A recipe for ethical lawyering?

Now that the Ethics Roadshow is complete in all of the cities where it was staged, I want to repackage the main idea from this year into a post and make a similar ask of my readers that I made of the attendees as to feedback on the point.

The title of the Roadshow this past year was “Back to Basics: Sailing the Five Cs of Ethical Lawyering,” but the main ultimate question or conceit when boiled down was whether the 5 Cs I had identified could provide not only a basic road map for being an ethical lawyer no matter the nature or setting of your practice but could also provide the ingredients of a recipe that can be used to justify the existence of those pieces of the ethics rules that are absolutely worth keeping moving forward in discussions about the future of legal ethics and lawyer regulation. 

The 5 Cs as put forth as the ingredients of the recipe were:

  • Be COMPETENT at what you do
  • Recognize and respect your obligations of CONFIDENTIALITY
  • COMMUNICATE appropriately with your clients (and others) both as to content and frequency
  • Employ CANDOR in all situations in your practice [If you absolutely cannot be 100% truthful, and can’t simply stay silent, then don’t be false.]
  • Avoid CONFLICTS for which you don’t have, or cannot get, consent.

Recognizing that some people might immediately think of another important “C,” avoiding commingling I then offered thoughts about how quite clearly rules about trust accounting could be readily reverse-engineered by combining ingredients.  I initially suggested that Competence + Candor + Communication could do the trick; some others suggested that particularly the requirement to avoid commingling could be described as Candor + Communication + Conflicts.

There are a number of different groups at work on trying to make progress on what the modern regulation of the practice of law should look like.  One of those is APRL’s Future of Lawyering Committee.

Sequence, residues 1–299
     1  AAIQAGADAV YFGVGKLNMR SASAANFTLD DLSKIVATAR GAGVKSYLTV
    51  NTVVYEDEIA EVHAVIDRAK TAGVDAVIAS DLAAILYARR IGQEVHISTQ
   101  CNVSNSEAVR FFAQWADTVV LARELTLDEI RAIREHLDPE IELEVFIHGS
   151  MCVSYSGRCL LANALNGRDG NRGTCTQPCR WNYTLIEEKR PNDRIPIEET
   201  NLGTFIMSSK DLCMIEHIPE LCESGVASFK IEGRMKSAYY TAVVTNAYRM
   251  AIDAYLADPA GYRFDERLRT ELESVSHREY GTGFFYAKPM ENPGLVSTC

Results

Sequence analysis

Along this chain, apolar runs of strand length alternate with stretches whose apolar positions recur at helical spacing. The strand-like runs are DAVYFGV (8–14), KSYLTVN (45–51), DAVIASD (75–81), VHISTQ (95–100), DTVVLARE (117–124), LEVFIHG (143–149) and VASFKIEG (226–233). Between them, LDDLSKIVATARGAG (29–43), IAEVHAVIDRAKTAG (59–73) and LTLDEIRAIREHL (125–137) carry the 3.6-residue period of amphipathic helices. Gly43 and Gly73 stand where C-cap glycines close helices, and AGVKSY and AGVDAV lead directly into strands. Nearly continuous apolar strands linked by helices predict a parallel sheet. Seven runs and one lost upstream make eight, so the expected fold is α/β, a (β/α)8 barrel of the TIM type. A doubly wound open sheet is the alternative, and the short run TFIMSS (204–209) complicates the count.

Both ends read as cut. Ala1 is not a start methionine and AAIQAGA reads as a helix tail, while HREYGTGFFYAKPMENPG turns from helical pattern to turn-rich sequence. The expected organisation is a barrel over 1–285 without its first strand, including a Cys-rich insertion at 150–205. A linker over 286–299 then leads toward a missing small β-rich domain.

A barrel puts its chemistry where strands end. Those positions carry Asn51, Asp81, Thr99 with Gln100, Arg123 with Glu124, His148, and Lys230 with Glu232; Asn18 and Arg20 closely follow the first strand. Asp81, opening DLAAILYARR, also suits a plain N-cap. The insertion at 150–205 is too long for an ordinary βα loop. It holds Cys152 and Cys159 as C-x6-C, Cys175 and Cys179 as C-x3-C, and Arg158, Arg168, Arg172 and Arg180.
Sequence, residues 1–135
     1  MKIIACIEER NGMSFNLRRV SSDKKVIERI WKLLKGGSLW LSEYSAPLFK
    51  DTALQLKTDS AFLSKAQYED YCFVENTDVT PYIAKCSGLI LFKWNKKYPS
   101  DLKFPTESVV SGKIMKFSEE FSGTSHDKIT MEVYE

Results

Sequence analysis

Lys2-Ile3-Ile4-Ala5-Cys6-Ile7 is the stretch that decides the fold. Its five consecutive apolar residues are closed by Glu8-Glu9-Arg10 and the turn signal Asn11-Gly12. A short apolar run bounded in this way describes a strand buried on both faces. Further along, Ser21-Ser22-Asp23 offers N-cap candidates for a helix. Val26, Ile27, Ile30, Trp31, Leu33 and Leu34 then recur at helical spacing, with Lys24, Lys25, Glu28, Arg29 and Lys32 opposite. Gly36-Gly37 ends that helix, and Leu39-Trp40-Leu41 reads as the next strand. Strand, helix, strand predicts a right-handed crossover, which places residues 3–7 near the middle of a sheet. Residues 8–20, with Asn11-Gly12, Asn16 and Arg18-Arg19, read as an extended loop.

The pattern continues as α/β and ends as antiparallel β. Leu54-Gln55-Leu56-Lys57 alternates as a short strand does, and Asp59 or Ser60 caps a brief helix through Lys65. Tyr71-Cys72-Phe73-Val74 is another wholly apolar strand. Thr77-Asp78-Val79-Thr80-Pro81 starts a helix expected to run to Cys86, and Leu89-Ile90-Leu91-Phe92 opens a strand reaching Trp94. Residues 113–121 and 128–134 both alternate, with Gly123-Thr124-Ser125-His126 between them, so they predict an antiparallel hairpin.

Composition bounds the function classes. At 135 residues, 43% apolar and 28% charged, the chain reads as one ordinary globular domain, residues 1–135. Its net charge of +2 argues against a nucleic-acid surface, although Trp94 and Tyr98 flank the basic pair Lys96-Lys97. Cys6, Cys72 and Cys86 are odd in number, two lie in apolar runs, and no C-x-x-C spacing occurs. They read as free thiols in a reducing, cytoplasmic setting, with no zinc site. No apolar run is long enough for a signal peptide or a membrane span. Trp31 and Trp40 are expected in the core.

I’m fortunate to be a member of that committee and our mission is this:

[T]o explore the evolving nature of technology and its impact on the delivery of legal services and access to justice.  Our goal is to develop specific proposals for amending the legal ethics rules and reforming the lawyer regulatory process.

And so my ask of you is the same as my ask of attendees: Unless a rule is truly, and absolutely, required in order to protect consumers of legal services, shouldn’t the rules worth revisiting be the ones that are hard, if not impossible, to describe using a combination of ingredients from this recipe?

TN’s Approach to Nonrefundable Fees – A Reminder

Near the end of February 2015, the New York City Bar put out its Formal Opinion 2015-2 evaluating a question of propriety of a flat, nonrefundable monthly fee in a retainer agreement and reached the conclusion that a particular one that was something of a “hybrid” was problematic.  Although the NYC opinion makes for a good read, it is of limited utility in evaluating these issues in Tennessee.

While New York has an RPC 1.5(d)(4) that prohibits non-refundable retainer fees, Tennessee has gone in a significantly different direction.  RPC 1.5(f) in Tennessee makes nonrefundable fees enforceable provided that they are reasonable in amount and that the fee is “agreed to in a writing, signed by the client, that explains the intent of the parties as to the nature and amount of the nonrefundable fee.”  Tennessee lawyers, of course, still have to tread carefully in this area — especially with respect to avoiding problems of commingling by depositing a fee designated as nonrefundable (and therefore earned upon payment) into a client trust account rather than into an operating account where it belongs.